I was alone inside, vacuuming the stairs, when I heard the front door fly open and slam against the wall. Ah. My son was coming inside. He thumped up the stairs very quickly and ran past me, his boots still on and dropping dirt and sticks onto my freshly cleaned carpet, out of sight and into his room. He reemerged a few moments later with his light saber that the tooth fairy had given him for losing his first two teeth in one go. How she got that thing under his pillow we will never know.
Anyway, he comes tearing back through, holding his green Jedi weapon with actual lights and sounds, but before he goes back outside to play he pauses. He turns to look at me and then, in a bragging sort of way, says “I’M going outside to play STAR Wars, and I get to be Han Solo, because I have the green light saber and my friend doesn’t, because he has the blue light saber. He says Han Solo has the blue light saber, but I’M getting to be Han Solo, because I have the GREEN light saber!”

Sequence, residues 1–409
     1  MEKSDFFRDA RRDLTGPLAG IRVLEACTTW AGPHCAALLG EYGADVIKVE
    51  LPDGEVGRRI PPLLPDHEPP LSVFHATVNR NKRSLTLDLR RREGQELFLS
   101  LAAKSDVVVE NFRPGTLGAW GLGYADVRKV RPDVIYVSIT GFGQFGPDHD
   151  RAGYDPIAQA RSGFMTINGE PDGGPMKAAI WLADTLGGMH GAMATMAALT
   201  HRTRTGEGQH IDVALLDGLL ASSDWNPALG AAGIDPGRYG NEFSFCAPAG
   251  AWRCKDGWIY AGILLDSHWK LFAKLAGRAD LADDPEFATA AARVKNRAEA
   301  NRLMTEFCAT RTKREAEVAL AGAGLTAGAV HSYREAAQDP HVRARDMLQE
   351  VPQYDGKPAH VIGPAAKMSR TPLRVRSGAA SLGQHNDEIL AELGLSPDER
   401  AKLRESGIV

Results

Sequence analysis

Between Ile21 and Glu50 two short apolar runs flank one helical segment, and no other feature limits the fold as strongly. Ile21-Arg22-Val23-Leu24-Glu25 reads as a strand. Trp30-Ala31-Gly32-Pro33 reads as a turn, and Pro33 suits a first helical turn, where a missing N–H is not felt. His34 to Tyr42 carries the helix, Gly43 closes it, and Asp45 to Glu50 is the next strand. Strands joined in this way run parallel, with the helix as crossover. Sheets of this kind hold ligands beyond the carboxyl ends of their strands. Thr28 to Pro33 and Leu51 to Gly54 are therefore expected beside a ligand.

I stop for a moment, considering my response. On the one hand, I sure do like to be right, and to correct people (especially my children), only for the greater good you know. The world would be a much better place if we all knew everything that I know, don’t you know. On the other hand, why mess with a good thing. He was happily playing outside with his friend and having a great time. Did the details of who generally should and should not be using a light saber really matter? Did I need to explain that technically Han only used a light saber once, and that it was Luke’s?
As he stood there, waiting for some sort of response, I simply looked up at him and said, “Well, I think you are both equally correct.” He smiled at my positive response, and took off down the stairs and out the door again. He and his friend had a wonderful time, and I got to finish re-vacuuming the stairs.